PETALING JAYA: Edilyn Perdiguez, fondly known to her friends and family as Michelle, is a Filipina who has resided in Malaysia for the last 11 years. She came to this country to work as a scuba-diving helper and technician before becoming a caretaker for the elderly.
When the movement control order (MCO) came into effect last year, Michelle was left without a job. She decided to move to Port Dickson from Kuala Lumpur to be with her fiancé, Emil Joseph, and the two started a home-based food delivery business.
Then, in June this year, Michelle discovered a lump on her right breast the size of a 10 sen coin. Though not alarmed at first, she decided to get it checked and was initially prescribed antibiotics.
Over the next few days, however, the lump began to grow rapidly. Alarmed, Joseph knew he had to take Michelle for further tests.
Being a foreigner, it was difficult for Michelle to be treated at a government hospital. The couple nevertheless tried their luck and were given an appointment three months from the date of their call.
“In just a few weeks, her lump had already grown to almost the size of my palm. I knew we could not wait until September,” Joseph tells FMT.
He managed to get her an appointment at a Chinese maternity hospital in Seremban. “They did a mammogram, CT scan, ultrasound and biopsy, and discovered that the lump was in fact cancer.
“It was growing rapidly and was very aggressive. But there wasn’t much the hospital could do, so they referred us to Pantai Hospital.”
The appointment was scheduled for two weeks’ time. With Michelle’s health on the line, Joseph was determined to get her treated as soon as possible.
“I got on Facebook and started joining cancer support groups and asked around if anyone could help. Thankfully, we were able to get an appointment at Beacon Hospital in Petaling Jaya the very next day,” he says.
The doctor there carried out a PET scan and more advanced lab tests. “We found out she has stage-4 Burkitt’s lymphoma, which is a form of non-Hodgkin’s lymphoma,” Emil reveals.
This type of lymphoma is rare and usually starts at the neck. Michelle’s, unfortunately, had already spread to her breast, starting with the right and slowly to the left.
Joseph and Michelle were advised to do a steroid treatment first to hopefully reduce the size of the tumour. Sadly, the treatment only resulted in wounds and blisters but did not reduce the size of growth.
They were advised to start chemotherapy immediately.
“The cost of chemo, surgery and aftercare was too high at Beacon Hospital, so we had to find somewhere else to do it,” Joseph says.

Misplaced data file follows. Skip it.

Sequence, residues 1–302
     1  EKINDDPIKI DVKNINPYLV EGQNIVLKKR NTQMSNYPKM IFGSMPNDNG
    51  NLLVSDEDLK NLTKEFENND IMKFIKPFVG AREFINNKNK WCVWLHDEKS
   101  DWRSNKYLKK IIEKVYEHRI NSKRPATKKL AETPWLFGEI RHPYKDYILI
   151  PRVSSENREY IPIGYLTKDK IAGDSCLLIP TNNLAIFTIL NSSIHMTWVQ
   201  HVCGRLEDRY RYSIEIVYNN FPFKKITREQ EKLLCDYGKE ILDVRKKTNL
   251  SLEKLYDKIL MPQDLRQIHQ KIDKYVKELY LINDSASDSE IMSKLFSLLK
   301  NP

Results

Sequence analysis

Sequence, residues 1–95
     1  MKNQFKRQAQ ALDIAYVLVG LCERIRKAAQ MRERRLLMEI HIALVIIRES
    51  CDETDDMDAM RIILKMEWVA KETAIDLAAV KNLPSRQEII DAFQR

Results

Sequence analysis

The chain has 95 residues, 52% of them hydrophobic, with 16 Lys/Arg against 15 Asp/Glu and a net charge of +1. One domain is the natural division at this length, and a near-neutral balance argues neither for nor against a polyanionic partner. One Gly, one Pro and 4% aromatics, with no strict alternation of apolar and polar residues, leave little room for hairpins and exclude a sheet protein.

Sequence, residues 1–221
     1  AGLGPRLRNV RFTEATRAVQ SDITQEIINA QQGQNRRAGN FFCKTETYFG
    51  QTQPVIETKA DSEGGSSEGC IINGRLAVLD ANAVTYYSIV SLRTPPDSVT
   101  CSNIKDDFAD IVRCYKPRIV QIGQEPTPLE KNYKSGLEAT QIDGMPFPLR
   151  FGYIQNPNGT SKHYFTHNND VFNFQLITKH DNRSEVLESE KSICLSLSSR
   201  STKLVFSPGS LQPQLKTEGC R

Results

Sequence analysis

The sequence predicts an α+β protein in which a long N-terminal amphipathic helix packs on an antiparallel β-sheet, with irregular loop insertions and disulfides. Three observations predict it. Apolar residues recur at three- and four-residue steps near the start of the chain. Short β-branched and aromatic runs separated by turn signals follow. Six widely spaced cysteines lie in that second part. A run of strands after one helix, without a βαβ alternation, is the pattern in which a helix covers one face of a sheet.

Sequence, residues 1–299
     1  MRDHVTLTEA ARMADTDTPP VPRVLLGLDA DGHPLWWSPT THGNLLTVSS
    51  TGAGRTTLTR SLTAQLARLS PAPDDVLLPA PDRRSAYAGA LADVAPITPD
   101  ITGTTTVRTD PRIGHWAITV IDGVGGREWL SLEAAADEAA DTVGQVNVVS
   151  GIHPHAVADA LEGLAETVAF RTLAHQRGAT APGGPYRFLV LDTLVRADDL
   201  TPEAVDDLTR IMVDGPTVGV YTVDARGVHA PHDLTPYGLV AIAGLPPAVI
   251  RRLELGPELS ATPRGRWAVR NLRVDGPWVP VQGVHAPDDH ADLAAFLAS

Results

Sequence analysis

He explains that he went online to find local treatment and even reached out to the National Cancer Institute, but “they were not accepting foreigners due to the MCO”.
Michelle’s condition, meanwhile, continued to worsen. “The left side of her face swelled up to the size of an apple and also caused Bell’s palsy,” he says, referring to facial weakness or paralysis.
Michelle had trouble talking and could barely speak for three weeks.
Joseph did not give up and continued to reach out to people to ensure his fiancé got the treatment she needed. After much effort, they were finally referred to Tung Shin Hospital in Kuala Lumpur.
Joseph explained Michelle’s condition to the oncologist as well as their financial situation. It was determined Michelle would need at least six sessions of chemotherapy, with each session costing RM15,000.
She would also require surgery once the tumour was safe to be operated on.
“The total cost, including surgery and aftercare, would come up to RM150,000,” Joseph says, adding that they were told they would be able to pay for each session individually.
He says he is working hard to raise the money, and has been sharing the news on social media in the hope of receiving donations.
As of now, Joseph has been able to pay for one of Michelle’s chemotherapy sessions.
“Though she experienced some side effects from the treatment and has lost about 6kg, we are very grateful that with just one session we are able to see improvements and a decrease in the size of her tumour,” he says, sharing the good news that her cancer has reduced by almost 80% from the first session alone.
He adds that Michelle had to be admitted for immune therapy a few days after chemotherapy as her white blood cell count was low.
Unfortunately, due to current restrictions Joseph is not able to visit Michelle in the hospital, but he continues to cook her meals and deliver them to her while juggling his work commitments.
He continues to pray for his fiancé’s recovery while doing everything he can to get her through this.
“We truly appreciate any help we can get to raise money to pay for Michelle’s treatment,” he says.